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Philharmonia 02 May 2024 (Susan Elkin reviews)


Alexandre Bloch, Sunwook Kim

Royal Festival Hall

02 May 2024

It’s not easy when a conductor has to step in at the last minute as Alexandre Bloch did at this concert for the indisposed Santtu-Matias Rouvali. A lot of effort had clearly gone into making it work and, on the whole, it came off.

The high spot was Sunwook Kim playing Brahms’s Second Piano concerto and watching him play with his whole body as well as his hands. He soared through the opening movement (having negotiated that most challenging of openings with the solo horn), and brought crisp resonance to the second, often turning to make eye contact with upper strings. It was, however the andante which really moved mountains.  The exquisite cello solo (Alice Neary) with which the piano duets – Kim leaning to the right to look round the piano at Neary –  was breathtaking. He’s a wonderfully secure player. I have a special, very personal affection for this huge concerto which goes right back to my early twenties and it’s a real treat to hear it played as sensitively as this.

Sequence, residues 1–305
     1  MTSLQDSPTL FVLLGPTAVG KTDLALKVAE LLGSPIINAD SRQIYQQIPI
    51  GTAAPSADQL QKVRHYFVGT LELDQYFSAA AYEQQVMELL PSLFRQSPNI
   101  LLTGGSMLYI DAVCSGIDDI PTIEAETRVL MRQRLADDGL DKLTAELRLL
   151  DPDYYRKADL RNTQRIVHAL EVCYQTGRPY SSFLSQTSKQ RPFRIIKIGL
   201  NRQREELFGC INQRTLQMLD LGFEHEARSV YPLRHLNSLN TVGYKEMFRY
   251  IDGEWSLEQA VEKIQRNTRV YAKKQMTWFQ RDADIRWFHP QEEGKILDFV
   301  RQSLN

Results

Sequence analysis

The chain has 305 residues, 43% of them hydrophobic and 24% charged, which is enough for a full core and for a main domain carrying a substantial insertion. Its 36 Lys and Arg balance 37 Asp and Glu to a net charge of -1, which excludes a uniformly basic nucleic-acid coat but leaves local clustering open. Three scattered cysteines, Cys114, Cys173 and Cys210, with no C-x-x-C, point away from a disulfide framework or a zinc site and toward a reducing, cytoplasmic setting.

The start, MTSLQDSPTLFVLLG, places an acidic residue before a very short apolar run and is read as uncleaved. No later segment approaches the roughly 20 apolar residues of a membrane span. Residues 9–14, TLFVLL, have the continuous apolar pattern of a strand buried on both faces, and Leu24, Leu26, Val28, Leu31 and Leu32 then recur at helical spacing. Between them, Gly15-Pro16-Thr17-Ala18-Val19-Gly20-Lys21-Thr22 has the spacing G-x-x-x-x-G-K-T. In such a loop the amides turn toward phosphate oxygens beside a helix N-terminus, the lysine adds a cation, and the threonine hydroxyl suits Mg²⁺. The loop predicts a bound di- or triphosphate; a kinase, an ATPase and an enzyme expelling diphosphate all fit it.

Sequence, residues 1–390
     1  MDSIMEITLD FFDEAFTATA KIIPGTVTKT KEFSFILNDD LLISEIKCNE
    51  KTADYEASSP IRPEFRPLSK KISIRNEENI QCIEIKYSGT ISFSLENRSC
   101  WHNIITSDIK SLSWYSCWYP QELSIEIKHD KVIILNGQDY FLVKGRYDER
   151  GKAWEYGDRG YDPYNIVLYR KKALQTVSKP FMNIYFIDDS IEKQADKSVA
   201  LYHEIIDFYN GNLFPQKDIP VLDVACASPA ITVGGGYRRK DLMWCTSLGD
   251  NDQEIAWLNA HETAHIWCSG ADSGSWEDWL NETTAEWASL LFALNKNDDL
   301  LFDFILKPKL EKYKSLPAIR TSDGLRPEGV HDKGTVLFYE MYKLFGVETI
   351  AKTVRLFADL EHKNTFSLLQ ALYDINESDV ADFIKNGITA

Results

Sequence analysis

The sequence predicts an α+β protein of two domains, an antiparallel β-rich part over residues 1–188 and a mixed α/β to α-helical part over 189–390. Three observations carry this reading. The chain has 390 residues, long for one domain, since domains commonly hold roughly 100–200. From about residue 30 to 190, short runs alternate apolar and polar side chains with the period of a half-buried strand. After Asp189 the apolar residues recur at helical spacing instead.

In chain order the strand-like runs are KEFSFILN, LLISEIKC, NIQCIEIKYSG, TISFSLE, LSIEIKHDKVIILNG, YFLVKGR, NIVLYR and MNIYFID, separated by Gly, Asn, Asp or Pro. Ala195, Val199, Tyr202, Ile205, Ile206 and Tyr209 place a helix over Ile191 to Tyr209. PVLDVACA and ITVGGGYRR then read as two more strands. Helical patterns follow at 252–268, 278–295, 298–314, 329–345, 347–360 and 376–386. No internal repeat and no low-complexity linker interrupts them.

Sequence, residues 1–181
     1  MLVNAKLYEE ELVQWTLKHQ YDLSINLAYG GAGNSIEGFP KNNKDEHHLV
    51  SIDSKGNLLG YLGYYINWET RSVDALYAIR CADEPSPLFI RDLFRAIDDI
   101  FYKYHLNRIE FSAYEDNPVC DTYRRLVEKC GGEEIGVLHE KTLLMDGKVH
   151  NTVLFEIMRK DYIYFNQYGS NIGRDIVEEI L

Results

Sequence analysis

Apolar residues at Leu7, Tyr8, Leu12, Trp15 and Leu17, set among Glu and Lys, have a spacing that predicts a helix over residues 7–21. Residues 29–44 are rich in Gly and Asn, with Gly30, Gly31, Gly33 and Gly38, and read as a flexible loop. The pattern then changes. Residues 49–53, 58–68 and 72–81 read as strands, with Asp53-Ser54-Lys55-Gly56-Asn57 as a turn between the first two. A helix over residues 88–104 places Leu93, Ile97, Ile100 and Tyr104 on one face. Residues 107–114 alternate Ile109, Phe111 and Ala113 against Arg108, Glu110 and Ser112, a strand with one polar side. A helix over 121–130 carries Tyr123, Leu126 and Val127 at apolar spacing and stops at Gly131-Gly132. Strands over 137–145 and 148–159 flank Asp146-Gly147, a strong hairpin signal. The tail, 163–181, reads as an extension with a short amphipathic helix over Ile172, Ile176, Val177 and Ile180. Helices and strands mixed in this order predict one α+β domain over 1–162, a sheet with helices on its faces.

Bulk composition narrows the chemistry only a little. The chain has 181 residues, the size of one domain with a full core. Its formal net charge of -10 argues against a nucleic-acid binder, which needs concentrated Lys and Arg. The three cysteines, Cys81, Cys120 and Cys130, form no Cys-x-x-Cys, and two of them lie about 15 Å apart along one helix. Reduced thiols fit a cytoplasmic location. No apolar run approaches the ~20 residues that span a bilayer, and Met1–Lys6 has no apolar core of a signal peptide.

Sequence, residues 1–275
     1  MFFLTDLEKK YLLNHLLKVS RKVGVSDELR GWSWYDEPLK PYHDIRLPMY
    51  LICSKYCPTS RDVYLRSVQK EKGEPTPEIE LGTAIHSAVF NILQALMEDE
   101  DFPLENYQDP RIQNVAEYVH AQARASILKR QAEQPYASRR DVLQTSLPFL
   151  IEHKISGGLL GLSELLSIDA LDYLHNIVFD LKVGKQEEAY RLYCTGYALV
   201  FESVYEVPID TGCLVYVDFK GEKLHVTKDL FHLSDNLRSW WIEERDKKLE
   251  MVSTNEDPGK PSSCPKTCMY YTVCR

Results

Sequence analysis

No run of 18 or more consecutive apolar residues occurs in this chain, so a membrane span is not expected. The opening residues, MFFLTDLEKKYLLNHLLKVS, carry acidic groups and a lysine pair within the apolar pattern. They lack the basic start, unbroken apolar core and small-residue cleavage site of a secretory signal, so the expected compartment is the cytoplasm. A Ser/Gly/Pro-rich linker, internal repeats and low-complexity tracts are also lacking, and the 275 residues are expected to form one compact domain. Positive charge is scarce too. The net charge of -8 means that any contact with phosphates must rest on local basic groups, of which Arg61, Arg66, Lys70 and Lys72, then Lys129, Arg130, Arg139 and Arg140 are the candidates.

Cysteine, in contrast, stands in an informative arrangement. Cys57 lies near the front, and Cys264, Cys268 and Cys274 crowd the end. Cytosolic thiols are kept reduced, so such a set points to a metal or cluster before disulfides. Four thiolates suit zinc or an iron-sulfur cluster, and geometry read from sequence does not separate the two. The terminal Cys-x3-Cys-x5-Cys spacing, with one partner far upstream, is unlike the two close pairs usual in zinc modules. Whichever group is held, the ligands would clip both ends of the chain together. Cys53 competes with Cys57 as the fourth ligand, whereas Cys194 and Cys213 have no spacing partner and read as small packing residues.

After it, though, Schumann’s Symphony No 3 “Rhenish” seemed a a bit of an anticlimax. It’s a pleasant enough symphony but it’s far from great and I suspect that for this concert most of the rehearsal time had been devoted to the concerto because the Schumann was ragged in places. It wasn’t together at the beginning, for example. and the coherence slipped in the final accelerando. I liked the way Bloch brought out the minor key angst and the fanfares in the fourth movement, though.

It was inspired programming  to start the concert with The Entry of the Gods into Valhalla. It means that those of us who can’t quite hack raw Wagner in its entirety can enjoy a small Wagner fix. And this familiar eight minute section (arranged by Hermann Zumpe) is as beautiful as it is grandiose.  Bloch – an expansive conductor whose feet are never still –  leaned on all that luscious brass interspersed with wistful woodwind: colourful, epic story telling in music.

One more specific word of praise:  Watching Annabelle Meare, who leads The Philharmonia’s second violins is like a mini-masterclass in ensemble playing. Her eyes are on the leader as much as they are on the conductor. She hardly seems to look at her music and her gestures are really clear for the rest of her section. I learn from her every time I see her in action.



Author information
Susan Elkin Susan Elkin is an education journalist, author and former secondary teacher of English. She was Education and Training Editor at The Stage from 2005 - 2016
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